"It was partly a press conference, a comedy caper, an love-in and a fire drill--but it was all Lily Tomlin", writes Bruce Kirkland in the Toronto Sun.
Twinkling eyed, mussedup-haired but always droll whatever she wears, Lily Tomlin was at the Toronto International Film Festival to present "The Celluloid Closet", an important, remarkably made, both serious and funny feature-length documentary by Oscar winning co-directors Rob Epstein and Jeffrey Friedman. Based on the late Vito Russo's landmark book, "The Celluloid closet" looks at 100 years of stereotyping gay men and women in Hollywood films (Lily Tomlin narrates the piece).
As Tomlin explained her early reluctance in getting involved with the project -- she was close to Vito Russo but didn't know Epstein and Friedman, therefore, "didn't know if I could trust them"--a fire alarm (which turned out to be a false one) started screeching and turned the Sutton Hotel Press Conference room into a stage for messy, and absurd, choreography. "This is obviously a sabotage by the religious right," Tomlin cracked as the alarm went on and off, then on and off, and on and off.
Meanwhile, a couple of "salons" away, the creme de la creme of the Canadian film industry--from David Cronenberg to Atom Egoyan and Patricia Rozeman-- held a press conference to protest the budget cuts concocted by the Michael Harris government. So what else is new, might you say? The feeling--perhaps, for the first time-- that the entire industry is mobilizing and, setting all differences aside and putting their money (or lack thereof) where their mouths are, might actually present the premier of Ontario with a united front.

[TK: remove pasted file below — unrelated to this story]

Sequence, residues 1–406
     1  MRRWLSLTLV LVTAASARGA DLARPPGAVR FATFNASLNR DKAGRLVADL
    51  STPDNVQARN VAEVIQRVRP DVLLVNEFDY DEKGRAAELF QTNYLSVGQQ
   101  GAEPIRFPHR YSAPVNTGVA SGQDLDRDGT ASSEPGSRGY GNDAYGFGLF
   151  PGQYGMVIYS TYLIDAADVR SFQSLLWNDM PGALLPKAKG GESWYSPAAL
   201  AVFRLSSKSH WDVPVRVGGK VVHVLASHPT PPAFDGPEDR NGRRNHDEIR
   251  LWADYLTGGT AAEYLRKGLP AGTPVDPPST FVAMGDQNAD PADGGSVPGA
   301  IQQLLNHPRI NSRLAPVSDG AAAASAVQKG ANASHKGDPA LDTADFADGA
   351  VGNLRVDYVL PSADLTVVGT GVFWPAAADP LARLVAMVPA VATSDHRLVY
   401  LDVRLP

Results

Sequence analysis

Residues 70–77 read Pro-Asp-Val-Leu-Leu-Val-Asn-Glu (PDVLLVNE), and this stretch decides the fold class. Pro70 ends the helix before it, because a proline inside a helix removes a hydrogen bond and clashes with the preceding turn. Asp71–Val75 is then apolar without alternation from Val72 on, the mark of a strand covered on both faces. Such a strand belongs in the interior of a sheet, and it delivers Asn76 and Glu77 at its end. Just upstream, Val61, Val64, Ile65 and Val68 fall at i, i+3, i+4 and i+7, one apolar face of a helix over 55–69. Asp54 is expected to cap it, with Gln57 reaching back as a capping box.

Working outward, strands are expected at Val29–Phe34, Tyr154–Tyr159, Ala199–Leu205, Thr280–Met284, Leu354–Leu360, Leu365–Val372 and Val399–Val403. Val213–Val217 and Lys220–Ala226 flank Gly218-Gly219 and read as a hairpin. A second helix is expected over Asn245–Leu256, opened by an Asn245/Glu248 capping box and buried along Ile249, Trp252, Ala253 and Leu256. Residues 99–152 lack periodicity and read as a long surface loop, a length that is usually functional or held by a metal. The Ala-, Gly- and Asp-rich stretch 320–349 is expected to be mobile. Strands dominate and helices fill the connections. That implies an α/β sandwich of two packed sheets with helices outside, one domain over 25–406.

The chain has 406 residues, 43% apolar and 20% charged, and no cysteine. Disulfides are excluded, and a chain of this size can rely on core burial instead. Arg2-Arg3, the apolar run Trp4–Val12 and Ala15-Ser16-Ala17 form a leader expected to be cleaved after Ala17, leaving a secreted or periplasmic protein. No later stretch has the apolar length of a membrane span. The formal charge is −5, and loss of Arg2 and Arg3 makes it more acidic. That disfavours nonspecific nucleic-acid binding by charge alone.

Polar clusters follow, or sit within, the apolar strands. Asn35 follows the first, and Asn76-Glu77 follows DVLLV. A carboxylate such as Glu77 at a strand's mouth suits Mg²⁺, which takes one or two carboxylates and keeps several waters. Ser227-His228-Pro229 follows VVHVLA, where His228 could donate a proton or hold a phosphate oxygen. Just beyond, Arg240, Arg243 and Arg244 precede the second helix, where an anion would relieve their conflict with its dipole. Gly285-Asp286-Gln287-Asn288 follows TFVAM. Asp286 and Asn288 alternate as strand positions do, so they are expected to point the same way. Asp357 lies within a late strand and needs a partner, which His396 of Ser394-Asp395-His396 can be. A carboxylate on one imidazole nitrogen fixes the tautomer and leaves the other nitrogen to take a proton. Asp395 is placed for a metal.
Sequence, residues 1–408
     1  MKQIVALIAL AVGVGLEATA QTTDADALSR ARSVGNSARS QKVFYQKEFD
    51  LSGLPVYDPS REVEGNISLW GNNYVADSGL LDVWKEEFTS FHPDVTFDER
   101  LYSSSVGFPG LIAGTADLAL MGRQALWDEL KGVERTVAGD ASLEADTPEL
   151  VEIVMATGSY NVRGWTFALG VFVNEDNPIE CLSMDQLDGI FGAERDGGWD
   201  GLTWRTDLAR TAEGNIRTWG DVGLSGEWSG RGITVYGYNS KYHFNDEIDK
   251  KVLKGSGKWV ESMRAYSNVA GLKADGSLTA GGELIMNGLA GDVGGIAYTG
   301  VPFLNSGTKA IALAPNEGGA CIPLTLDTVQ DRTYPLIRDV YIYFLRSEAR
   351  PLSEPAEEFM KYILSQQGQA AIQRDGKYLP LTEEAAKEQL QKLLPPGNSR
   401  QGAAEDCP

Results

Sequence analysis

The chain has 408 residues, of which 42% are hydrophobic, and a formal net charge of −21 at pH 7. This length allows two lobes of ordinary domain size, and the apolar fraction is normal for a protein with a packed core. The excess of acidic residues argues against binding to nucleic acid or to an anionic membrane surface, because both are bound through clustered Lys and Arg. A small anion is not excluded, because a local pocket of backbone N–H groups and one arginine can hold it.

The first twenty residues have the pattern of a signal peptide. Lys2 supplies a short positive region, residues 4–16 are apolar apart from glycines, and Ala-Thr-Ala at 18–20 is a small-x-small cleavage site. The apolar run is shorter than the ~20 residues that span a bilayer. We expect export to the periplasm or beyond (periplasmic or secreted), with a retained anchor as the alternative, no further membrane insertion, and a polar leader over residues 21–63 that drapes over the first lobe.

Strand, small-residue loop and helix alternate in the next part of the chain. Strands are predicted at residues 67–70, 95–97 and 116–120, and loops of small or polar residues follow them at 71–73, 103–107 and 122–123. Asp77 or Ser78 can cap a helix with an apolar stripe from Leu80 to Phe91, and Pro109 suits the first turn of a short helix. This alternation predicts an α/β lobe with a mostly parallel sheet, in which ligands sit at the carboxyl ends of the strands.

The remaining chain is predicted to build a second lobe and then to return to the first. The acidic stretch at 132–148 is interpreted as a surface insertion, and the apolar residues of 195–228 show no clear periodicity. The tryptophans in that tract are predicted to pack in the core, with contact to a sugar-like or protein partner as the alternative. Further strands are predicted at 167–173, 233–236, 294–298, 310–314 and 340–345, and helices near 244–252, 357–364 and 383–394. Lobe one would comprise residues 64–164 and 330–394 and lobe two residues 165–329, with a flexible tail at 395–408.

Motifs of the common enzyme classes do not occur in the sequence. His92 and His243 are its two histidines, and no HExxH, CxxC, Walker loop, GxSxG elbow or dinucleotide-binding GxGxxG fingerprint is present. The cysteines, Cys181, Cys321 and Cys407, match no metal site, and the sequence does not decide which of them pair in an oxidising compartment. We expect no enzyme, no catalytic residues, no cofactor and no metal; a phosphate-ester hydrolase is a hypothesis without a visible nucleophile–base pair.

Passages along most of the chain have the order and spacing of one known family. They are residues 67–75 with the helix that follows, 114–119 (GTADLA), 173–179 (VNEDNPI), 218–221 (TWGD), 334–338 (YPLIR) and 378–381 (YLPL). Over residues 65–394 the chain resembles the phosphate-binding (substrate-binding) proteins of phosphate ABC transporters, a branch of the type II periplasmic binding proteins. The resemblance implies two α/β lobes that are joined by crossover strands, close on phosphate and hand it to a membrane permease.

Party time? The first place to be --and the hottest invite of the season-- was the petite bash (for 300) that Robert Lantos, chairman of the board and CEO of Alliance Communications, held at his own house after the gala presentation of Woody Allen's "Mighty Aphrodite". Full of antiques, the house is a multileveled spread sprawling down to a huge swimming pool by the guest cottage. "A nifty pied-‡-terre," said a French visitor. The food was simple but exquisite, and the service impeccable--there probably wasn't one waiter slash caterer left in town for anybody else's party. Believe it or not, in spite of the crowd, not one glass (let alone an antique vase) was broken. There's something to be said for Canada.
Of course, the second and last place to be, to see and be seen at, was the Aztec, a bar-discothËque in the Gay district, for the "Celluloid Closet" party. It was fun, relaxed, lively --and lasted until 2 A.M., after which the bravest went to Bistrot 990, the only place in town that achieved the feat of having its liquor license extended till 4 for the duration of the Festival. But if you want to party till 6, any walking stiff in the street will tell you where the after-hours bars are. It's the worst kept secret.
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